What are Real Assets?
Real Assets are tangible resources, namely real estate, infrastructure, and commodities, with an intrinsic value tied to their utility, i.e. ability to produce goods or services.
Real Assets Definition in Economics
A real asset can be described as a tangible asset that possesses value due to being able to produce goods or services.
The core purpose of real assets is the generate revenue and profits, so the intrinsic value of these assets stems from their utility with regard to productivity, i.e. the capacity to produce and generate cash flows.
From a broad perspective, all the wealth creation within the economy is thereby determined by real assets and their productive capacity.
There are three main categories that comprise the asset class, which are each defined in the table below.
Real Assets vs. Financial Assets
Financial assets represent claims against an underlying company, so the value of financial assets depends on the underlying asset, e.g. a corporation that raised capital through selling shares or issuing debt.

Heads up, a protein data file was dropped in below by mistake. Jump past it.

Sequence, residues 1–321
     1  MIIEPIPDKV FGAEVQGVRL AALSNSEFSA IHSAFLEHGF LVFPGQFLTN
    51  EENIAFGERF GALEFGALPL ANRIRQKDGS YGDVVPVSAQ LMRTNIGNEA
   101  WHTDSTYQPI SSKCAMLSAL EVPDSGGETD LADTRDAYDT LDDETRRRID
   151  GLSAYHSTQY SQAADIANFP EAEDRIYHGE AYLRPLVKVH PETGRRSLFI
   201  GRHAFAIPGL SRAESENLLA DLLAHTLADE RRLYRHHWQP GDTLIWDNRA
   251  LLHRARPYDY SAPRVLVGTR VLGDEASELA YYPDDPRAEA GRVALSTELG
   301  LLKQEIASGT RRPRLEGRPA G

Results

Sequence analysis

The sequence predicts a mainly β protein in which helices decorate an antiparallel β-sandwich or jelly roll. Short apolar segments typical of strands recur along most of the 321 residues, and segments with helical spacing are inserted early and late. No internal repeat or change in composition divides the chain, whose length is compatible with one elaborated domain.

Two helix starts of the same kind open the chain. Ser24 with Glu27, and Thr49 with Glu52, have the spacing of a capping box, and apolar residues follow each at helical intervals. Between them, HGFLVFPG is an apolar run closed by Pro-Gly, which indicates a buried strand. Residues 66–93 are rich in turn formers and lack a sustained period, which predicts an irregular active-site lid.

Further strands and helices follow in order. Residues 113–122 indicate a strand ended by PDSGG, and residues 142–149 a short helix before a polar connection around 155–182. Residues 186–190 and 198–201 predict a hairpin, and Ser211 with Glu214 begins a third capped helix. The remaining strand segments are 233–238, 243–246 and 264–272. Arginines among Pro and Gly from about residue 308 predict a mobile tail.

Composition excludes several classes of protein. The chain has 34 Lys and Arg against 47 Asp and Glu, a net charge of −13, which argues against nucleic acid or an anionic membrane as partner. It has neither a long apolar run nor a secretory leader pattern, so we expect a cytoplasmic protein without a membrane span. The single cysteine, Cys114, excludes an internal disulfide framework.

The relationship between real and financial assets is that financial assets represent claims to the income produced by real assets.
Land and machinery are “real” assets, whereas stocks and bonds are “financial” assets.
- Issuer: Financial assets appear on the liabilities and equity side of the balance sheet.
- Owner: Financial assets appear on the assets side of the balance sheet.
One drawback to real assets compared to financial assets is that real assets are less liquid because the marketplace has less volume and trading frequency.
Thus, the price reflected on real assets tends to be a rough estimate with a much larger spread than for financial assets, i.e. there is less market efficiency.
Conversely, financial assets trade hands each day, and the price reflected can be updated in “real-time.”
The valuation of real and financial assets shares many similarities, such as being largely related to their ability to produce cash flows, but real assets are recorded at their historical value and reduced by depreciation, if applicable.
On the other hand, the market value of financial assets is often readily available to observe.